BFI Classics: The Shawshank Redemption

Author: Mark kermode

Mark Kermode writes a love letter to The Shawshank Redemption in this addition to the BFI Modern Classic series. Although it’s a love letter that isn’t without bitterness, recriminations and regret.

A scene-by-scene dissection, Kermode concentrates in the main on the religious imagery in the film, invoking God, Christ and Judas comparisons with gay abandon and piling on the religious analogies. Andy is described variously as Jesus and God, as he creates people (for money laundering purposes) then is resurrected via the sewage tunnel. The Warden is Judas (patting Tommy, who could be Andy’s salvation, on the shoulder in lieu of a kiss on the cheek and sending him to his death), and Zihuatenejo is heaven “… in which all sins of forgiven”. Unfortunately the evidence provided is so superficial that it’s a flawed and blinkered interpretation, notably shown when Kermode admits that director Frank Darabont told him he didn’t intend parallels to be drawn between the roof tarring scene and the Last Supper.

More interesting is Kermode’s all-too-brief exploration of cinema as religion – “a rebellious alternative religion whose visual fantasy will ultimately triumph over the corruption of the material world”. He compares the poster of Rita Hayworth to Christian iconography and talks about the “sanctity of the silver screen” and cinema’s “ability to transport the viewer … into the endless possibilities of visual fantasy”.  Other non-religious themes discussed include a perceived homosexual edge to Red and Andy’s relationship (something which I, perhaps naively, hadn’t picked up on previously) listing coy glances, flirtatiousness and ‘a hint of arousal’ in their scenes together. Kermode also reminds us of the darkness at the heart of Shawshank – it contains some pretty graphic depictions of violence and male rape which is odd, as Kermode notes, for a film which people remember with such misty-eyed fondness.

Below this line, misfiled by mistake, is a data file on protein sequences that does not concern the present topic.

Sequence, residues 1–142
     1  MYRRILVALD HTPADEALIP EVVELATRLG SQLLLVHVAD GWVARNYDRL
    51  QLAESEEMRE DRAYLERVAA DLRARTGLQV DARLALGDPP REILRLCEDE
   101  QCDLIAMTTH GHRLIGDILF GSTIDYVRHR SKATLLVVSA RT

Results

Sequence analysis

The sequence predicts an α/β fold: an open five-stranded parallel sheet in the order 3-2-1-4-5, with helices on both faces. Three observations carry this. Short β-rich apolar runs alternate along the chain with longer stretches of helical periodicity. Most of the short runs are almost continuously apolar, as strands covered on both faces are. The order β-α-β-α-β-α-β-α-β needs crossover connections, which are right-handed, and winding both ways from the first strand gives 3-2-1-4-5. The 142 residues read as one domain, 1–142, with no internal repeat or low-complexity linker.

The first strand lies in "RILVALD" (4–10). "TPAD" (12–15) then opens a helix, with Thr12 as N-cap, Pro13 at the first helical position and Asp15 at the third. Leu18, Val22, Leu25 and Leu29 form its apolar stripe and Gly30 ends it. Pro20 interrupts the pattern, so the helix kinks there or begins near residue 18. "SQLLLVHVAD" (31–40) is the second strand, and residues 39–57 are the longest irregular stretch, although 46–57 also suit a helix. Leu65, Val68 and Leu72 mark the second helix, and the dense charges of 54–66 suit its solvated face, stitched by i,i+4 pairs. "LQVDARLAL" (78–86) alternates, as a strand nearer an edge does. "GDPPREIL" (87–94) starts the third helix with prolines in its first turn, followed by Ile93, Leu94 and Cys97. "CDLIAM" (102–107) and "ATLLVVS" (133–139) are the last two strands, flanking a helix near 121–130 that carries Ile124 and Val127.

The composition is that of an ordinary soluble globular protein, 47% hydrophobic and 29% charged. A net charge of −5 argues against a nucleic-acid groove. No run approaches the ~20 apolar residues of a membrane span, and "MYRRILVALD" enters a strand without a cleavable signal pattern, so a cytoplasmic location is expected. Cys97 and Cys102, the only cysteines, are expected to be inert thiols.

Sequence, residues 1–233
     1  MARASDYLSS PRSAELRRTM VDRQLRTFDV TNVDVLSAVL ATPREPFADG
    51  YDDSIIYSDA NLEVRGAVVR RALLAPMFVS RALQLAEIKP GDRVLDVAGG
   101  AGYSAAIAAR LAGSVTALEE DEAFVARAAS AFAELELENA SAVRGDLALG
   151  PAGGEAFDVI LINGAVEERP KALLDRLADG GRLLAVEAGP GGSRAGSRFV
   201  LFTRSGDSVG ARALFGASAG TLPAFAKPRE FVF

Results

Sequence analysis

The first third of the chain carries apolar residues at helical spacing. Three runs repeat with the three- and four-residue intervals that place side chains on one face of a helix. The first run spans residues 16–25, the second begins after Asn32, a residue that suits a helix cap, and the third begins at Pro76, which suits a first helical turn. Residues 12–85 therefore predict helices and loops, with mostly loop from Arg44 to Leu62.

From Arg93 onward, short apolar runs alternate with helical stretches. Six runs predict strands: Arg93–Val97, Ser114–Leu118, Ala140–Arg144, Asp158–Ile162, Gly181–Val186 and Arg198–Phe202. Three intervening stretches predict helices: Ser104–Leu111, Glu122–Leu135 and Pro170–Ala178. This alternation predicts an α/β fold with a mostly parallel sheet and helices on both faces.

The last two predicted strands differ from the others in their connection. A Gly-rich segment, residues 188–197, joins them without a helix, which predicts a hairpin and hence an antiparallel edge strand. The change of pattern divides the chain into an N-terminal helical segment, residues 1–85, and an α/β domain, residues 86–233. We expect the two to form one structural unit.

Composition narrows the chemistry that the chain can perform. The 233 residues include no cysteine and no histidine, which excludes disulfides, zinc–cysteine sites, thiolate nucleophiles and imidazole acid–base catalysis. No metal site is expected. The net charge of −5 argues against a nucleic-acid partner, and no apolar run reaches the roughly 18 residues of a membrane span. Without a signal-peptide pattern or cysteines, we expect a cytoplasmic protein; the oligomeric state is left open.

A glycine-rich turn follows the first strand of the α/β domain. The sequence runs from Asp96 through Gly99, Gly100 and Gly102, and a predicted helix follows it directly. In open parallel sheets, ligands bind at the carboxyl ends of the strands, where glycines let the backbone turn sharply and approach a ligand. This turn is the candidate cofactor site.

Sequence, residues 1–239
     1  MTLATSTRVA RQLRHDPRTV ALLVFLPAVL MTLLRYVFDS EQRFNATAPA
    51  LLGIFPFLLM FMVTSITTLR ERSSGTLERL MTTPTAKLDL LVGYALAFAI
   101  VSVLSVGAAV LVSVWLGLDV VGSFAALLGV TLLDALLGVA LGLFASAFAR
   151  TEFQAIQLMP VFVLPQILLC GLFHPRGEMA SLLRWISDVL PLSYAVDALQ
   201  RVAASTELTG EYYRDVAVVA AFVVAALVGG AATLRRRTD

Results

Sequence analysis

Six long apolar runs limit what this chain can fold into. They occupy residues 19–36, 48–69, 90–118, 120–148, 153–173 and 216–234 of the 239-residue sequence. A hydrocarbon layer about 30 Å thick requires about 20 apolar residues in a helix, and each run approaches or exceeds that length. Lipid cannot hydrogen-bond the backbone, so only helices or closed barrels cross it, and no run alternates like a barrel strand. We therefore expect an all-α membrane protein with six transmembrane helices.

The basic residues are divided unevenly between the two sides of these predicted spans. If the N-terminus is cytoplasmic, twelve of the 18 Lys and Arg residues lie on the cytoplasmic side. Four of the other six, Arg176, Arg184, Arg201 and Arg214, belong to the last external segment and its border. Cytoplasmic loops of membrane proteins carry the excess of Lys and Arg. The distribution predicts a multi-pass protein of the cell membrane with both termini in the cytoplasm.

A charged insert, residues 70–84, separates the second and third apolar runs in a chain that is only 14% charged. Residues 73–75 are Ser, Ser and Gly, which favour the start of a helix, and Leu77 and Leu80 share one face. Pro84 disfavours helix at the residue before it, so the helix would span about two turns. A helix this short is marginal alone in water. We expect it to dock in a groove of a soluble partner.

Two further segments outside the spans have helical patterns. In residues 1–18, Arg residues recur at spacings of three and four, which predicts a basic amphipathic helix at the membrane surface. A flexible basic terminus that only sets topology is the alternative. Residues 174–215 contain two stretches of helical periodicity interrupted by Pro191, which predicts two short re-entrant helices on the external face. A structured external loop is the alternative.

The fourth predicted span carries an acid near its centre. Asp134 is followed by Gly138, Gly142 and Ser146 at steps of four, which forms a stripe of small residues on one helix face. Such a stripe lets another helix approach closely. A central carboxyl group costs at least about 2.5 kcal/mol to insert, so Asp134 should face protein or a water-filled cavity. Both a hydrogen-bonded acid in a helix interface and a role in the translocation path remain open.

Fans of King’s original novella won’t be disappointed as Kermode considers the differences between the source material and the finished film. He picks up on King’s numerous references to Richard Nixon and makes some interesting claims about Warden Norton as a reincarnation of the disgraced ex-president. The political angle is engaging but regrettably it’s soon dropped in favour of returning to the religious interpretation.

Kermode also discusses why Shawshank was a commercial failure initially, only garnering praise and viewers on its VHS release. There’s some appealing stuff here, but it’s a shame that he doesn’t take it further and consider the reasons for this particular King adaptation’s lasting success – with the exception of The Shining and The Green Mile, (arguably) a lot of King’s works don’t make successful leaps from page to screen.

All in all, this is a nice looking book and an easy read, which is more than accessible to readers not familiar with, or interested in, the minutiae of film analysis. Kermode writes well about the production, including trivia and interviews with the actors and crew as well as ample glossy stills from the movie and behind the scenes. Devotees of the film will lap it up, although may tire of his dogmatic insistence on a religious subtext, and will almost certainly take umbrage to his slating of the addition of the final “Return to Zihuatanejo” scene.

Emma Wilkin

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